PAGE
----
The open-source, community-maintained game Simutrans uses the Artistic Licence 1.0 (AL). I know many people regard this as a poor choice, but the core of the game was written as someone's spare time project in the 1990s, so it's two decades too late for relicensing.* However, compiling it from source now requires several libraries that use the zlib Licence (zL). Simutrans has been careful not to distribute those libraries with its source code, because of the difference in licences. This is confusing for newcomers, especially since there are many possible combinations of game versions and library versions, which do not all play nicely together. However, licences can be different, but compatible. Are the AL and the zL compatible for this purpose?

There are several answers here that address various compatibility issues, but none deal with this particular combination. The "choosealicense" website has a blank space in the "same license" column for both these licences, suggesting that neither requires that it be distributed only with other code from the same licence.

Note that we are talking about the Simutrans source and the library binaries and source; it seems to be well established that a zL binary can be integrated into an AL binary. The zL also seems very permissive, and does not pose any obstacle. So it comes down to the notorious clause 4 of the AL. Yet it seems to me that clause 4(a) was written to cover precisely this situation:

  • the software is being modified in accordance with the wishes of the Copyright Holders, so what is being distributed is the Standard Version source code in the future;

  • all that is necessary is to make clear where people of the future can obtain the last source code revision that does not include the zlib libraries (the Standard Version of the present).

However, IANAL and would welcome an answer from someone with more expertise.

*N.B.: This also means that the clauses 3(d) and 4(d) of the AL cannot be used, because many of the Copyright Holders are uncontactable.

1 Answer 1


The Artistic License is at its heart an extremely liberal license with few restricitions, even more so than the MIT/BSD license family. But it also enforces trademark-like properties intended to give the original author artistic control over their work, which gives the license a confusing copyleft flavour. The solution is to look carefully at your use case.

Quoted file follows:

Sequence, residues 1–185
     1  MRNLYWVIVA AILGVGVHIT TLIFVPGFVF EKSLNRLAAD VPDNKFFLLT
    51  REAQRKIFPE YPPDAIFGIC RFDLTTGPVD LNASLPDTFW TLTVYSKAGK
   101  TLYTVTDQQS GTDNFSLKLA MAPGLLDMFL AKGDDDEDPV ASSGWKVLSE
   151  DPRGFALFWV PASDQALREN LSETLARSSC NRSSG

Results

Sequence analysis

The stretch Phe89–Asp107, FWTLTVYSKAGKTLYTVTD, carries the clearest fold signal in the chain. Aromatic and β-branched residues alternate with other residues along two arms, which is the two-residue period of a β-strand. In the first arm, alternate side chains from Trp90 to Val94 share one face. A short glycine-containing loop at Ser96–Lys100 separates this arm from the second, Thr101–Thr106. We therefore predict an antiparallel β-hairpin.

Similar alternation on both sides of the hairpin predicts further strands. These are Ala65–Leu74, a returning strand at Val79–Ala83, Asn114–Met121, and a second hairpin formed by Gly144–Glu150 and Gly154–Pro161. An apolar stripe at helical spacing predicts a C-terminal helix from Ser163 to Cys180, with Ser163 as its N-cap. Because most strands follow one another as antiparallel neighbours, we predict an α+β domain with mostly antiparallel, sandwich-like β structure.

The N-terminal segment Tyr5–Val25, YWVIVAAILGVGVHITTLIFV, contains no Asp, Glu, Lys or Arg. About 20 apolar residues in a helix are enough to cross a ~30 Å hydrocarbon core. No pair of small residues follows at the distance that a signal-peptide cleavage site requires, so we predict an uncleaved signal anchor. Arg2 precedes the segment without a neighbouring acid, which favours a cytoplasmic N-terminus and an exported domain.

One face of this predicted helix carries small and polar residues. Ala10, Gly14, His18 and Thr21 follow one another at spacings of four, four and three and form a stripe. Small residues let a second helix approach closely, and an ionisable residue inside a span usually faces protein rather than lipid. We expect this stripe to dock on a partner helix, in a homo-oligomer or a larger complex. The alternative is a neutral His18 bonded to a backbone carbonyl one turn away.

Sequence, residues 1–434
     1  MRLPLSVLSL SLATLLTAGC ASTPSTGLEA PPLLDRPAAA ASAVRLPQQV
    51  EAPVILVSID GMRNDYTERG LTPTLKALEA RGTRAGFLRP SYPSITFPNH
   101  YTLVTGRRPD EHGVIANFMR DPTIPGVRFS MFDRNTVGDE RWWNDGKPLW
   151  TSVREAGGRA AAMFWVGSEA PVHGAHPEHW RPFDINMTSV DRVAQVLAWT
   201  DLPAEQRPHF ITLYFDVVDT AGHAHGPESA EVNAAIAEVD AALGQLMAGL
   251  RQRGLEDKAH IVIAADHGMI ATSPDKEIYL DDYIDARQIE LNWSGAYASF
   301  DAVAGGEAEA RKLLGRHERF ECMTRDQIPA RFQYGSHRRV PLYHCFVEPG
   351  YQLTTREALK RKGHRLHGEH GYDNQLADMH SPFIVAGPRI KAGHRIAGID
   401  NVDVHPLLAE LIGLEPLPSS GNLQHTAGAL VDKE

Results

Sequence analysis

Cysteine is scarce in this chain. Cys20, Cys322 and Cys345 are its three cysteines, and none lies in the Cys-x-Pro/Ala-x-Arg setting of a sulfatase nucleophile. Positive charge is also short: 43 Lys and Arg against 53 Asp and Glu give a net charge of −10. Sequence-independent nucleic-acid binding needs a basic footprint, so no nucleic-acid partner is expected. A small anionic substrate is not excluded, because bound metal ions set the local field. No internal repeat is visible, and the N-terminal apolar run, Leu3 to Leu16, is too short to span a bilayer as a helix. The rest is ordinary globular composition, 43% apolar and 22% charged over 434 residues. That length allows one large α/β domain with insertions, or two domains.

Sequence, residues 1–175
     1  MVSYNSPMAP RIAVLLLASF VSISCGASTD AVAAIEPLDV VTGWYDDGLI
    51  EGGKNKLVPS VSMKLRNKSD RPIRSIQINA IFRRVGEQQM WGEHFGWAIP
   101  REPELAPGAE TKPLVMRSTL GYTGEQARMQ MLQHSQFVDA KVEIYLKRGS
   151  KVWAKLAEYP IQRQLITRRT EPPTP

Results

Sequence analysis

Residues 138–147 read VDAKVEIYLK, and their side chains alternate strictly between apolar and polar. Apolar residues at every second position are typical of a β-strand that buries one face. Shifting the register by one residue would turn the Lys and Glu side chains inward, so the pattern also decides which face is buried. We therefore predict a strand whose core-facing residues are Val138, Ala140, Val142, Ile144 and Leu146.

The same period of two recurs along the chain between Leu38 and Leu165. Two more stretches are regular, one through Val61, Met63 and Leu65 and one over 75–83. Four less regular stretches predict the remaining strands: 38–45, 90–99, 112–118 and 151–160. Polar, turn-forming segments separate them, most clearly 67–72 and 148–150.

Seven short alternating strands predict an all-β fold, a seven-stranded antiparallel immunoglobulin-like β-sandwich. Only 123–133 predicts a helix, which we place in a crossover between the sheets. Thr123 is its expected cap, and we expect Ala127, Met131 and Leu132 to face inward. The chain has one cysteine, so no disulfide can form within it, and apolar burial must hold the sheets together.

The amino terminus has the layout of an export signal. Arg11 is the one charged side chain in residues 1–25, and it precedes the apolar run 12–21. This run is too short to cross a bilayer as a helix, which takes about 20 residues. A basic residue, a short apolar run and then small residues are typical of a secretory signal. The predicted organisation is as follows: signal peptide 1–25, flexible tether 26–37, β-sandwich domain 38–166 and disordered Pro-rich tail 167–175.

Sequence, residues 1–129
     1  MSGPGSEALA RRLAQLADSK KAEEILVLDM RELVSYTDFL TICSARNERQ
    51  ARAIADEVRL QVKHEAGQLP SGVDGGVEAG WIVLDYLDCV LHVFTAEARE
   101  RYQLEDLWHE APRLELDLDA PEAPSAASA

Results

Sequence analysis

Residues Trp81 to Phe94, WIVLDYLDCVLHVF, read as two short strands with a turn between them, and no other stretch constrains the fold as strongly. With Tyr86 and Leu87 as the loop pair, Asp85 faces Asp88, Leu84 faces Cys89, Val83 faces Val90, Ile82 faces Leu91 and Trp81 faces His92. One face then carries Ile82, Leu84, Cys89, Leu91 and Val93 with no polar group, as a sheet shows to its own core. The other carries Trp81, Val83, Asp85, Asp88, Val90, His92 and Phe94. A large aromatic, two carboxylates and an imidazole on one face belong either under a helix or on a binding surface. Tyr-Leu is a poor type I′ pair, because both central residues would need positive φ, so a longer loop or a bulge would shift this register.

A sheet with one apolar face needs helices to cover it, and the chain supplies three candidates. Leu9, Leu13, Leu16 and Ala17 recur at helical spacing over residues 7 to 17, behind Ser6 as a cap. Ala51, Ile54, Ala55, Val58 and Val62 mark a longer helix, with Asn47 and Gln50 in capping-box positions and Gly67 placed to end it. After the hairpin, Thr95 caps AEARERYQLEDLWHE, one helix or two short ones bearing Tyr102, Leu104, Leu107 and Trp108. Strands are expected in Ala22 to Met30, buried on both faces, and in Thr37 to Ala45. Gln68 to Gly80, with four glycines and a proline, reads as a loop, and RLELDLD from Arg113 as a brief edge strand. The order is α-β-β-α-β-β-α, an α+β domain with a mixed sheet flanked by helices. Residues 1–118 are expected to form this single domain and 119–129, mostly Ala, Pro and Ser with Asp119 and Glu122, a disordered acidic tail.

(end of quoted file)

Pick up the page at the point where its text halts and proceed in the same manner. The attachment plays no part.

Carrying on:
If the community-maintained version is the Standard Version, you are in luck. Binaries of the project can be distributed including any libraries under clause 4(a):

You may distribute the programs of this Package in object code or executable form, provided that you […] distribute a Standard Version of the executables and library files, together with instructions (in the manual page or equivalent) on where to get the Standard Version.

Your interpretation therefore seems to be correct.

If it is not the Standard Version, you can still distribute binaries of the software including libraries, if you, at your choice:

  • 4(b): include the source code of your version in the download (this doesn't seem to extend to the source code of libraries), OR

  • 4(c): distribute your version under a different name, document differences to the Standard Version (e.g. in a changelog), and point to the Standard Version.

If you are concerned about distributing the source code of the project along with the source or executable form of libraries, then clause 4 is irrelevant. Clause 1 lets you make verbatim copies of the standard version, and clause 3 covers copies of the modified version. However, no restrictions apply to the development of the Standard Version itself.

In any of these cases, it is possible to use any library that does not impose a particular license for the combined software (like the GPL would do). But some care has to be taken. The licenses of the libraries may require certain notices to be retained or displayed. The AL does not generally require this. So you are not able to distribute the project + libraries under only the AL. Instead the complete license for such a distribution must therefore consist of both the AL and all library licenses, each of which only apply to their respective parts. Users must comply with all of these licenses at the same time.

Such a combined license document doesn't have to be complicated. You can point to the full license terms in a different document. E.g.:

Copyright 1997 Copyright Holder

SomeProject is licensed under the terms of the Artistic License, which can be found in doc/artistic.txt.

libs/some/ contains SomeLibrary:

Copyright 2003 SomeoneElse

Put the SomeLibrary notice here

libs/other/ contains SomeOtherLibrary:

Copyright 1995 SomeOtherAuthor

Put the SomeOtherLibrary notice here

Note that the Artistic License definition of a Copyright Holder can be distinct from the actual copyright holders. The AL Copyright Holder is whoever is named explictly in the copyright notice, which is often only the original author. Other contributors may hold copyright for their contributions, without having the rights of a Copyright Holder under the AL. To enter into alternative distribution agreements as per clause 4(d), you only need permission from the Copyright Holder, not from all copyright holders.

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